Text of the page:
Last weekend, I visited three exhibitions: Private Spaces: The Kansas & Florida Project at the Crealdé School of Art, Migration 2 at Julio Lima's Orange Studio and Mixed at the Pound Gallery. A process of narrowing the field ensued and essentially came down to which art left a significant impression in my memory and why.

At Crealdé, artist Les Slesnick presents a series of photographs documenting familial spaces inside homes in Courtland, Kan., and Dunedin, Fla. The Sept. 5 opening reception included a talk by the artist, with participants from Slesnick's Dunedin Project in attendance. People often say that you never really know someone until you live with them, but the hackneyed statement rings true in Slesnick's visual inventory of other people's prized possessions. The artist's photographs virtually paint the portraits of their subjects and traverse the fine line between invitation and invasion. Yet Slesnick achieves an ambience of intimacy and stillness in his painstaking attention to detail. Hospitality prevails between subject and photographer in this collaborative series, offering the opportunity to analyze how we interpret private space, and in turn, to better appreciate the value of memory. (through Oct. 25;

As a series, Doug Rhodehamel's Migration has unfolded like chapters in an epic tale. It began July 27 last year at CityArts Factory, and the sequel arrived Sept. 5 at Lima's bright-orange Mills Avenue studio. While the debut installation involved 4,011 camels fashioned from burnt matchbooks, Migration 2 brings 2,000 badgerlike animals made of clay. Like part one, Migration 2 is backed by Nigel John's original soundscapes. The finely tuned combination of a visual and sound-based narrative provoked my participation. I crouched down to decipher the variations in the pieces and moved around to peer at them from different angles, all the while constructing my own personal account of the mass migration. One badger had its head raised above the herd, as if it were checking its orientation to the path. Others trudged forward, protecting their offspring. I thought, "Where are they going? Why are they migrating?" Rhodehamel's choice of a one-night-only exhibition emphasizes how poignant our interaction with art becomes in a temporary format. (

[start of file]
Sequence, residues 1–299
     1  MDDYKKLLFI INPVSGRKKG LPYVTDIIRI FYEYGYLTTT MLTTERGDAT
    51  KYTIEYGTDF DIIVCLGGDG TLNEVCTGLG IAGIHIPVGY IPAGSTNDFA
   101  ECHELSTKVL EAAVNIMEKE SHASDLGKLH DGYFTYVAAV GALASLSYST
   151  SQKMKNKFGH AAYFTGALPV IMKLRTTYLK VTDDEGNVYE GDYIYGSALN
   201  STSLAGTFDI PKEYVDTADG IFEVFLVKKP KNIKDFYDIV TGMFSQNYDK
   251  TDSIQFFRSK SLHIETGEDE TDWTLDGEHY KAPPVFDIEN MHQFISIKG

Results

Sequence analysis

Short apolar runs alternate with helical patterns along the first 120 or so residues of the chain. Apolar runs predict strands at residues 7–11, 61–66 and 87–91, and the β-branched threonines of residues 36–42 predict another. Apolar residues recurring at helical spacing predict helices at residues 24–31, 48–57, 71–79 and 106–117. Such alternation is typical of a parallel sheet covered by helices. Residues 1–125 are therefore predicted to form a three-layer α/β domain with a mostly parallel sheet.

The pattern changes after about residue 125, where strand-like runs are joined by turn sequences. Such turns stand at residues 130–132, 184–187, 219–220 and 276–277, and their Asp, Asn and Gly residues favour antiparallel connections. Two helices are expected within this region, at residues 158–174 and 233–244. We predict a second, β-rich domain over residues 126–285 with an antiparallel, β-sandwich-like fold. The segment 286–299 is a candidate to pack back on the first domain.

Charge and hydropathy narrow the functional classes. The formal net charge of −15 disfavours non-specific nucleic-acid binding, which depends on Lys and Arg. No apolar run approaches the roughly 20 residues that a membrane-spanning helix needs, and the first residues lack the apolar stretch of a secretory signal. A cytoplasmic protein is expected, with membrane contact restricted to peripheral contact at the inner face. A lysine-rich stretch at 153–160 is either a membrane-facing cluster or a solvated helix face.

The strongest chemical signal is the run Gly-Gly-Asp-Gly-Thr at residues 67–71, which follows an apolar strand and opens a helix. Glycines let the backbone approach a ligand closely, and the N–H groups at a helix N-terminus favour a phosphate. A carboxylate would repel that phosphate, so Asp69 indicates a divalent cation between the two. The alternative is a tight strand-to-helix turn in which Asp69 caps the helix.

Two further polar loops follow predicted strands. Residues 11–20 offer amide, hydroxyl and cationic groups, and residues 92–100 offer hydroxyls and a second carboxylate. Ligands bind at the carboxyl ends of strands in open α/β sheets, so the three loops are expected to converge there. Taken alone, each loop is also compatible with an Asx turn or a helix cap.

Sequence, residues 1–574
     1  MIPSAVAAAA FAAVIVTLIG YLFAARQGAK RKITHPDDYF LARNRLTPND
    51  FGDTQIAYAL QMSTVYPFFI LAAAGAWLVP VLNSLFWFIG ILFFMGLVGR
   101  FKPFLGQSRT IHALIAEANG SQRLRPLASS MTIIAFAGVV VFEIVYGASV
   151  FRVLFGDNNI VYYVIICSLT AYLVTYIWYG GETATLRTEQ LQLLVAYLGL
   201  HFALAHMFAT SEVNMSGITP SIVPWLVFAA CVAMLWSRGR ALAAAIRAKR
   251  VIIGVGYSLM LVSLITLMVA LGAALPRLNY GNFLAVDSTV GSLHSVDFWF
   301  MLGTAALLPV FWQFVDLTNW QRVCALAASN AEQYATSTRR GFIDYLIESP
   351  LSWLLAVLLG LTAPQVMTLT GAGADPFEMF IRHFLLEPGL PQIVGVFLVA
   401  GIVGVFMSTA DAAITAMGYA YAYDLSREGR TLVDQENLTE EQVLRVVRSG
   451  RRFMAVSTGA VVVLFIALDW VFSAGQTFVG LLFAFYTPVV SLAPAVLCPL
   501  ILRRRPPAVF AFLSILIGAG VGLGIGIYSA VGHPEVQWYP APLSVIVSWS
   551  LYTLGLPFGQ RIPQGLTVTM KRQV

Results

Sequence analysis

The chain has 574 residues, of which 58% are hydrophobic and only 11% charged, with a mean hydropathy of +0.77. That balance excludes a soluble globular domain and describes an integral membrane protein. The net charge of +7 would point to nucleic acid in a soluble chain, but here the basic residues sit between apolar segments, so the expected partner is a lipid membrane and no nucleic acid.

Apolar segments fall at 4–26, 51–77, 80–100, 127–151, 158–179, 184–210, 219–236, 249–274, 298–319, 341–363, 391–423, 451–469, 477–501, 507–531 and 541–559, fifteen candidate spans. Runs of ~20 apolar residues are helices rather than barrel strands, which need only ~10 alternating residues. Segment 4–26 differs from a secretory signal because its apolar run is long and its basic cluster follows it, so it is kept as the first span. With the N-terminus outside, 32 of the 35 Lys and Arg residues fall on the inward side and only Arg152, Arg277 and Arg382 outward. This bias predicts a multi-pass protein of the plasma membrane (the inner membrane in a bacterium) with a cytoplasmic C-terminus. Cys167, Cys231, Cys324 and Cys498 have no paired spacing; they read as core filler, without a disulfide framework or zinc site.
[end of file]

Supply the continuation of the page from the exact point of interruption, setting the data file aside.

My experience of Mixed at the Pound Gallery proved exactly that. The show relies on the premise that painting, sculpture, assemblage and collage from 12 different artists can be grouped together based on medium alone. This curatorial method fails to highlight the idiosyncrasies of each piece; what becomes lost in a mixed theme is the individuality of each artist. No single artist in this constellation is to blame for its lack of focus, but the context should be addressed. (through Sept. 30;

The late Swiss curator Harald Szeemann once said, "My interest is to create temporary worlds in the form of exhibitions." A feeling of artistic cohesion occurs in exhibitions that conceptually explore how artists are able to effectively influence our perception and memory. Thus, Rhodehamel's Migration series and Slesnick's Private Spaces successfully manifest themselves as temporary worlds that invite us to reflect on how we see.

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